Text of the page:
Joie de vivre: Pick-up volleyball in a Tehran park on April 2, 2015, the Sizdeh bedar holiday

          The conservatives however, who are very fond of this cliché, and who are very much alive, became fed up with the joy that their people found in watching sport together.  And so in 2012 and up to this day, women were not only barred from soccer stadiums, but also from volleyball tournaments. And while the conservatives in Iran were very content with this situation, yet another sports federation broke its own rules, the non-discrimination clause set out in the Sixth Fundamental principle of the Olympic Charter. Yet, Iran's discriminatory policy did not prevent the Asian nor the International Volleyball federation from awarding Tehran international events.

          The 2015 Asian championship was played in the Azadi Sports Complex in Tehran's western parts. The complex is another of Mohammad Reza Shah’s great plans. The 1984 Olympic Games were supposed to be hosted on the premises that he had called Aryamehr Complex, in his own honour. The revolution extinguished the light of the Aryans and the complex, with its soccer stadium and indoor sports arena, was renamed - „Azadi“ („Freedom“) complex. And yet the international federation, the FIVB, that states in its own constitution that it „shall not discriminate between  individuals” allowed the Iranian men’s national team play its FIVB World League Games in this arena. Azadi? Freedom? Not for women. Not at football games. Nor at volleyball games.

          Very much alive: Conservative demonstrators calling to uphold the ban for women prior to the 2015 World League matches in Tehran

          Minky Worden, Director for Global initiatives at Human Rights Watch, is one of those who deems it scandalous that the FIVB has now awarded the Iranian federation the right to host its beach volleyball tournament. “They break their own rules”, Worden says. Compare this for example to what would happen in the case of doping.”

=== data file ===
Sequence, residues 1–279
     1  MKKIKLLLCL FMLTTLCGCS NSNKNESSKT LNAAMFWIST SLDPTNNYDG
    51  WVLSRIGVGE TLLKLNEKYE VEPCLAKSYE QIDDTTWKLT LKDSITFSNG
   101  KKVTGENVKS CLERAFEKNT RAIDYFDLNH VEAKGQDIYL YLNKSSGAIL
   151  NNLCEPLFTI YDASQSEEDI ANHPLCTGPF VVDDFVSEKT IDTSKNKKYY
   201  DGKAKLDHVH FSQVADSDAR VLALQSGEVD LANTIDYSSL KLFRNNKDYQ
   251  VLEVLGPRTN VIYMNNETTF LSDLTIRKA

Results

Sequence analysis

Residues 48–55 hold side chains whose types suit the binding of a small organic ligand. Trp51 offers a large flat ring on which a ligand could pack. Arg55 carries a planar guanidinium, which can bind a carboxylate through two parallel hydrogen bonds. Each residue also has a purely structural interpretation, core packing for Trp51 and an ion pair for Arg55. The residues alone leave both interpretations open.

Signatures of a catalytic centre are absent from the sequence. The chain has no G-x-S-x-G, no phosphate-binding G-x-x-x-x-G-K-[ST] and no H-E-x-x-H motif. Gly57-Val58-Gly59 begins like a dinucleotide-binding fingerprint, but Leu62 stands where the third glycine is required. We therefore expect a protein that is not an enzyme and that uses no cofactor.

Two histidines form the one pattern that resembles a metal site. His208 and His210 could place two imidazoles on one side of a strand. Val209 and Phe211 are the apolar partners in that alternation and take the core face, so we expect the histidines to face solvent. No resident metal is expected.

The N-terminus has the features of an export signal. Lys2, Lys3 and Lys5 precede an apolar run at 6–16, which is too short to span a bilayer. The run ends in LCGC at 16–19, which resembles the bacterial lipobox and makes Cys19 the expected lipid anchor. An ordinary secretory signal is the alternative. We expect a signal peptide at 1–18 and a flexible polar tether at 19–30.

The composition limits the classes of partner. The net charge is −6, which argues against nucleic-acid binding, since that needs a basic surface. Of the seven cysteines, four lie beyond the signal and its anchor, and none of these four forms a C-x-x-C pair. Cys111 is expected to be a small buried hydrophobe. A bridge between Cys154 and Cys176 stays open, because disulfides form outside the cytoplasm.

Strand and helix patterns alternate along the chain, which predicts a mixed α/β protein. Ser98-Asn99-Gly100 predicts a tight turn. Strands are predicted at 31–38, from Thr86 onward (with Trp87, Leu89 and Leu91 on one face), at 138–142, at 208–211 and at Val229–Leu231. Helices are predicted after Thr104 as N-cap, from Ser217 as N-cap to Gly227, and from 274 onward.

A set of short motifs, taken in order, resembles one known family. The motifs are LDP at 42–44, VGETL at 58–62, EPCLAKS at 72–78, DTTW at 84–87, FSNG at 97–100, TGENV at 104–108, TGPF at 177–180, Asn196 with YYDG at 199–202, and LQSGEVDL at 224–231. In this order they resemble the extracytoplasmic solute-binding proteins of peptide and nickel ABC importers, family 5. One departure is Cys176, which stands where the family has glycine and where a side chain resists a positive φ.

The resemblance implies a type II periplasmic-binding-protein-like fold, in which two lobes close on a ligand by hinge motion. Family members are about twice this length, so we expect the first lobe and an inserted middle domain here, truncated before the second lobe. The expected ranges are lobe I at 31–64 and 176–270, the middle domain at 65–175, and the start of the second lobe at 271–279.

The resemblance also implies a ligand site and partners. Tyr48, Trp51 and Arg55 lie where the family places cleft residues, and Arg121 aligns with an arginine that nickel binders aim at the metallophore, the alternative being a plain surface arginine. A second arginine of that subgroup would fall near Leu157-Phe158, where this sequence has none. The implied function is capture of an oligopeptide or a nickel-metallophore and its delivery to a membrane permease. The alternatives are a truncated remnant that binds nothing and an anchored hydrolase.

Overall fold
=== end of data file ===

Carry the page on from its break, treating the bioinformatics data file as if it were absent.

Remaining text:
The FIVB sent the F.A.Z. this answer by email: “The FIVB is in regular contact with the local authorities in Iran to ensure that families have access to the Kish Island Open event in Iran. The organisers confirmed at the FIVB World Tour Council meeting that there will be free access to the public.”

          So who will be free to to attend the matches on Kish Island? What is the definition of a „family“?  And does free access to the public entail free access for all women? Richard Baker, the FIVB’s communications director, confirmed by phone, that the organisers have confirmed that no one will be barred at the turnstiles. A small volleyball revolution in Iran then, on Kish Island?

          Not so fast. Baker added that the “regular contact with local authorities” referred to regular contact with the Iranian Federation who is organising the tournament. Apparently, the world body is unable to penetrate Tehran’s political circles. But politicians control the laws of the country, not the Iranian volleyball federation. An Iranian journalist in Tehran observed: „It is not up to the Iranian federation to decide on women in the arenas, not even to the sports minister. The national security council has to approve.” And even if that is done, nothing may change. “It only takes a disapproving mullah in Qom”, he added with regard to the theological centre of the Iranian Shiites, where politics are still made.

          Conservatives took to the streets

          Indeed, Mohamad Reza Davarzani, president of the Iranian Volleyball federation had promised very similar things ahead of the World League games last year. In the spring of 2015, he made pledges to the FIVB and the women’s rights group. Sara wrote: “Some women went to Davarzani’s office. He promised he would find a way to get them into the arena if they did not make a fuss ahead of the matches.” Entry to Azadi hall in return for the promise not to take to the streets?  “In my experience, it was a lie and a trick”, Sara added.

          But even Shahindokht Molaverdi, Vice President in President Hasan Rouhani’s cabinet, had promised a reversal of the laws on discrimination against women in volleyball, basketball, team handball, and tennis. But this led the conservatives to take to the streets. They staged demonstrations in Tehran, denounced female spectators wanting to watch men’s matches, called  entry for women at these sports „the advancement of prostitution“ – and won. No female spectators were allowed to attend the World League matches against the United States, apart from foreigners traveling with their team.